Welsh education confronts systemic failure

David Reynolds asks who will provide the ‘tough love’ that the Welsh education system needs

The PISA international pupil attainment results for Wales released early last month were every bit as bad as the rumours had suggested. We came at the bottom of the four home nations of the UK. Our performance across the three subjects of Science, Maths and Reading has declined alarmingly since 2007. In Mathematics we now perform similarly to Greece, Lithuania and Russia, and are significantly below that educational hothouse of Latvia.


This is the third of a series of articles we shall be publishing this week looking ahead to the prospects for key Welsh policy areas in 2011. Tomorrow: local government.

New IWA research on Welsh pupil attainment at Key Stage 3, ages 11 to 14, will be unveiled at a Cardiff conference on 1 March – for details see here.

Very sensibly, the Welsh Government condemned the figures and put the blame where it belongs – on the teachers and schools of Wales. Education Minister Leighton Andrews’ phrase about ‘systemic failure’ is the most damning assessment of an educational system that has ever been uttered in the UK, but then the Welsh performance over time is the worst ever seen in the UK in living memory.

In the next three months there has to be the post PISA policy response, particularly concerning how the one Welsh systemic lever of change that we do have – the School Effectiveness Framework – can be maximised in its effects. Much of it was designed to transform a ‘good’ country educationally into a ‘great’ country.  Now it has to move a ‘not very good’ country to become a ‘good’ country in the first place.

The problems are daunting. The end of January will see the customary publication of the English and Welsh expenditure figures for 2009-10, and it is highly likely that they will show the present gap of £527 widening (in England’s favour) to probably about £560. The figure is per pupil per year and provides the educational system of Wales with an alibi. It is an excuse and an ‘out’ to place the blame for failure solely on lower resources, even though it is clear that many countries spending much less than Wales did much better in PISA than we did.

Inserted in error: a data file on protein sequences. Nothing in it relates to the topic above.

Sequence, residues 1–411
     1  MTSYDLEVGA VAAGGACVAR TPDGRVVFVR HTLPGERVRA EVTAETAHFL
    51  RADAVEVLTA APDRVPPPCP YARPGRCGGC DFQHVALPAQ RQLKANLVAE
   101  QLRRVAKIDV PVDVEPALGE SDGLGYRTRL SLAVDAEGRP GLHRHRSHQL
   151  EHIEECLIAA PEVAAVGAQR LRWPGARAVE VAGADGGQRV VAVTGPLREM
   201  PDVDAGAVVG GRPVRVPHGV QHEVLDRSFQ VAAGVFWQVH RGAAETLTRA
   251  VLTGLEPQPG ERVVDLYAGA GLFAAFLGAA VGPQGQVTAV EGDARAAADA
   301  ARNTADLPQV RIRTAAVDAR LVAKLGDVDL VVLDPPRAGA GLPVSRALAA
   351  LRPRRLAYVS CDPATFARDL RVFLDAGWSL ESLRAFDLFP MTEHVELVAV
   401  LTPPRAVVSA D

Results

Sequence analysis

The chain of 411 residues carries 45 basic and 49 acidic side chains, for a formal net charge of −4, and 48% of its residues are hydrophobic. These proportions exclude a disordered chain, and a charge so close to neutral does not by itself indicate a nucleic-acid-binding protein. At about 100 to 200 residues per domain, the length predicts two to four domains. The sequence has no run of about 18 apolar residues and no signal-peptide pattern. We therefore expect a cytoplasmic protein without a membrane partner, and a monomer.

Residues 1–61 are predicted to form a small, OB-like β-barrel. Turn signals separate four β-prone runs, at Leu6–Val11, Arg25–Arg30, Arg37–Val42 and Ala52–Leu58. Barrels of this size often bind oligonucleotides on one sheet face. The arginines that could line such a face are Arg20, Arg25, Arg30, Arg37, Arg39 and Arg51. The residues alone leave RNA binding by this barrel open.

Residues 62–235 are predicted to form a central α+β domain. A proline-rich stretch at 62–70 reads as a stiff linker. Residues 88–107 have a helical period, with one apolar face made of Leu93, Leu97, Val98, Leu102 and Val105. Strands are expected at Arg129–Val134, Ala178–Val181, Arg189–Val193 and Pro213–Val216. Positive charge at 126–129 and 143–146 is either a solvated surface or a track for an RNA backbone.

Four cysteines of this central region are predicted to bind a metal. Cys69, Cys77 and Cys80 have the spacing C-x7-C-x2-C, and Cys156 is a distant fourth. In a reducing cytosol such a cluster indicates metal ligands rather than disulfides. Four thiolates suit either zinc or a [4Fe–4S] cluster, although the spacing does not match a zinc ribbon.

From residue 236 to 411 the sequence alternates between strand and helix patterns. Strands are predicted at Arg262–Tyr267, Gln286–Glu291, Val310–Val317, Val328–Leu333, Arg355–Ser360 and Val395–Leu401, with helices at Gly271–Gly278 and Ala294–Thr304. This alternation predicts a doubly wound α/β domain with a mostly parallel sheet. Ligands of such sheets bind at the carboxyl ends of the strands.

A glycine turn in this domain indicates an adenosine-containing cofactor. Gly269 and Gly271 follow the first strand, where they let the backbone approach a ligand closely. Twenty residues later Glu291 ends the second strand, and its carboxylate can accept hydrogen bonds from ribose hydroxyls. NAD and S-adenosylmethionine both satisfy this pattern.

The whole emotional tone about how teachers and schools are handled in Wales is key too. Someone needs to tell the system the truth. We approach extinction as an industrial society if we continue to perform at present educational levels.  Someone has to express the ‘brute sanity’ that the system needs. This is a role which the combative Leighton Andrews has probably reserved for himself! But where does the support that schools need come from? If the Welsh system – like an errant child – needs ‘tough love’, just who will provide the ‘love’?

And Wales’ historic attitude to itself needs to change. We possess in high measure the ‘tall poppy syndrome’ in which our excellent people and institutions are systematically rubbished by the others, instead of being understood and emulated. The historic countries of Canada and Australia which used to show the same thing, but with greater national success and self confidence, have greater security to ‘benchmark against their best’. Are we at that stage in Wales yet?  Probably not.

Our problem is not that we do not know how to educate our children in Wales. We do. We have some world class schools, many world class teachers and even a couple of world class local authorities. Our problem is that not everyone is as good as our best, because we do not emulate our best. Solving this problem may need wider cultural change in our country more than in our educational system.

David Reynolds is Professor of Educational Effectiveness at the University of Southampton and he lives in Wales.

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